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Demographic transition and change in women’s lives

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  • Published
    14th Jul, 2023


The passage of World Population Day (July 11) is a time to look at how India’s demographic journey has changed the lives of its citizens, particularly its women. The demographic transition has become a dramatic global phenomenon. 

India’s demographic journey (Background)

  • Increased population: India’s population grew from about 340 million at Independence to 1.4 billion with the help of receding starvation, improved public health, and medical miracles brought to India.
  • Increased life expectancy: In 1941, male life expectancy was about 56 years; only 50% of boys survived to age 28. Today, life expectancy for men is 69 years, and nearly 50% live to see the ripe old age of 75.
  • These statistics mask the tectonic shift in the lives of people as they learn to adjust to a longer lifespan and fewer children. Nowhere is this more apparent than in the lives of Indian women.
  • Women’s childhood, adulthood, and old age have been transformed over the course of demographic transition, sometimes positively, sometimes negatively.

How did the change demography impact women?

  • Sex-selective abortion: As families began having fewer children, ensuring at least one son became more difficult. Social norms and patrilocal kinship patterns combined with lack of financial security reinforce a preference for sons.
  • Early marriage and child bearing: While women’s educational attainment increased, with over 70% of girls enrolling in secondary education, early marriage and childbearing remain the predominant forces defining women’s lives.
  • Less participation in labour force: Early motherhood, perhaps, explains why lower fertility does not translate into higher labour force participation for women. 
  • Missed employment opportunities: By the time peak childcare demands end, they have missed the window for occupations that require specific skills; only unskilled work is open to them.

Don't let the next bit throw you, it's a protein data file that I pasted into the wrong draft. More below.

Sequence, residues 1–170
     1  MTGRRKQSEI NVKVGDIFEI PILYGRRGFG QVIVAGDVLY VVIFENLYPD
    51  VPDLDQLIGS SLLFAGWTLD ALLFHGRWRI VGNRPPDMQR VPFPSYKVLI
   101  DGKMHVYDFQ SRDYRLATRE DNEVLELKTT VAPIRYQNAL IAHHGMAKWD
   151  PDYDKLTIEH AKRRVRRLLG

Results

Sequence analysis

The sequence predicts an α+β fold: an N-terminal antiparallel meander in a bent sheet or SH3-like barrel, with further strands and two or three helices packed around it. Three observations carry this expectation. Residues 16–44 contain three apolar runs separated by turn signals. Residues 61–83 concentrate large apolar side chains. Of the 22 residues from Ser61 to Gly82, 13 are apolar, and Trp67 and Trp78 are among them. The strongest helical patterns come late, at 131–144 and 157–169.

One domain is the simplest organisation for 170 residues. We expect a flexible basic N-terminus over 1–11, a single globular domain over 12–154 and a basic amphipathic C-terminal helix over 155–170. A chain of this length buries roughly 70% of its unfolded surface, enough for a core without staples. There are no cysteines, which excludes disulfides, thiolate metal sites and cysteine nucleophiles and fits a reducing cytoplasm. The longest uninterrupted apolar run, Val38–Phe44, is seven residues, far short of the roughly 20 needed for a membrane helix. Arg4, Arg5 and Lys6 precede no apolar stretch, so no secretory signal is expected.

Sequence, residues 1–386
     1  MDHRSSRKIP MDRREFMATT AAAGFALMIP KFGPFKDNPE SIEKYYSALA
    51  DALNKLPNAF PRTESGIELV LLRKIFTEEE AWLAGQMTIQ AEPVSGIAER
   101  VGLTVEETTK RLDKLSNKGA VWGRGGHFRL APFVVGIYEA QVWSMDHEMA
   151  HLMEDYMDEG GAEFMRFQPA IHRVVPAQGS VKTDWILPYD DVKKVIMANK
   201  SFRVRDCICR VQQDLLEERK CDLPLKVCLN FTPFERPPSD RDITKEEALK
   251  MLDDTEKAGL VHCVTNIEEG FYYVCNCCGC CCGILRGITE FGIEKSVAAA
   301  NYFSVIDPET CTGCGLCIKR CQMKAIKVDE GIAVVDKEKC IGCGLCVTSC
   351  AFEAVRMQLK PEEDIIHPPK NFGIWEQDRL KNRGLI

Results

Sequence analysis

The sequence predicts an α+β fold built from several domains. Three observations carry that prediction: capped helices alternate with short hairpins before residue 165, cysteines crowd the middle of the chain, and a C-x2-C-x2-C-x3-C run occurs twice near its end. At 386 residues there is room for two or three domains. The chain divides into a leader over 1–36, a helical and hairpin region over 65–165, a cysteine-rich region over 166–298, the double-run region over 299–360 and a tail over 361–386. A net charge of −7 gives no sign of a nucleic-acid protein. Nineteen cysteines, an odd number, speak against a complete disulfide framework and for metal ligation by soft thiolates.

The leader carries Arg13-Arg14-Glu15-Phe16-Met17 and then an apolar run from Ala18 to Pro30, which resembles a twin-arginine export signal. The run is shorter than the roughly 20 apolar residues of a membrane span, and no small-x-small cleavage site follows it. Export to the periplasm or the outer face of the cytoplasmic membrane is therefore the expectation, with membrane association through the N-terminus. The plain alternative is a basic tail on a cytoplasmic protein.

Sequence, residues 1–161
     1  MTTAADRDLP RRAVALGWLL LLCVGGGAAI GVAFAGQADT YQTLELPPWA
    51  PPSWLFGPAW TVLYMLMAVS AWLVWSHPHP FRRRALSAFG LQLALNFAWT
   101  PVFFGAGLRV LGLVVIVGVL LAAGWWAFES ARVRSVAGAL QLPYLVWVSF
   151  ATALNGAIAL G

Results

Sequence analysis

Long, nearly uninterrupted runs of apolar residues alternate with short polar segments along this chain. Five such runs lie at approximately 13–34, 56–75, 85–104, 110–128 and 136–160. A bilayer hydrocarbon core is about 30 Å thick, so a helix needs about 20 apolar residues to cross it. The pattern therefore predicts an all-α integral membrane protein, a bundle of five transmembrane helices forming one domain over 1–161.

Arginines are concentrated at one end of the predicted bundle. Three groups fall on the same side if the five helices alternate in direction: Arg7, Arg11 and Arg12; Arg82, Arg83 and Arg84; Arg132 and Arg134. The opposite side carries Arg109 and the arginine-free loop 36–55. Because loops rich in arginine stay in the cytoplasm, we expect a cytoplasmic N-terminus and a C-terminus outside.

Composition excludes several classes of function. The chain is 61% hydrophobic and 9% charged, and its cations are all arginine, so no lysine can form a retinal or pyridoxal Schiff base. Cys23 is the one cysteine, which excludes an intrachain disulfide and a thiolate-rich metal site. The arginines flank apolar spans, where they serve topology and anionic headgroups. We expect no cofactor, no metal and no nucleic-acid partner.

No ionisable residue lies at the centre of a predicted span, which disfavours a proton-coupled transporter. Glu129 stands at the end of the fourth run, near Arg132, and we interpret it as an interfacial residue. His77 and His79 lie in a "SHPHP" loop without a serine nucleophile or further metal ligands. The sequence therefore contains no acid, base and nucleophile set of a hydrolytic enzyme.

• Decline in number of years women spend caring for children: With a fertility decline, active mothering occupies a smaller proportion of women’s lives, creating space for education and employment.

With rising life expectancy, the proportion of the female population aged 65 and above increased from 5% to 11% between 1950 and 2022, and is projected to reach 21% by 2050. 

  • Older age issues: Demographic shifts also affect women’s lives at older ages. Women generally marry men who are older and are more likely to outlive their husbands. For widowed women, the lack of access to savings and property results in dependence on children, mainly sons, bringing the vicious cycle of son preference to full circle.
    • The 2011 Census shows that while only 18% of men above age 65 are widowed, about 55% of the women are widowed.

What measures are required?

  • Changing patriarchal norms.
  • Better access to employment and assets: Enhancing women’s access to employment and assets would reduce their reliance on sons. It could break the vicious cycle of gendered disadvantage, stretching from childhood to old age. 
  • Access to safe and affordable childcare: Early marriage and childbearing remain central to Indian women’s lives. Hence, efforts should be made at improving women’s labour force participation accompanied by access to safe and affordable childcare.

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